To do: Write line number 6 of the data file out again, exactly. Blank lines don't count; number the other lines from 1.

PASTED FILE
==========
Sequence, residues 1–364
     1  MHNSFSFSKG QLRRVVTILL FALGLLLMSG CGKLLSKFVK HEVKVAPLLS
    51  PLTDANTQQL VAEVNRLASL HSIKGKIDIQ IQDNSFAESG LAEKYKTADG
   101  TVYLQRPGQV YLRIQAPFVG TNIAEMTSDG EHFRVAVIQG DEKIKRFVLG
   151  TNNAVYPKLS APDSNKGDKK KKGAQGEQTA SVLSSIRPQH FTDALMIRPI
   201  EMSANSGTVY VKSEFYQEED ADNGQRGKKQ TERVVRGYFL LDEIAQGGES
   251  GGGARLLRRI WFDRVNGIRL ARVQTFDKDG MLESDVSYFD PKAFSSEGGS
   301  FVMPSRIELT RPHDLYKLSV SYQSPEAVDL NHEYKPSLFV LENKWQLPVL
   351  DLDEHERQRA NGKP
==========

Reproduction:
   201  EMSANSGTVY VKSEFYQEED ADNGQRGKKQ TERVVRGYFL LDEIAQGGES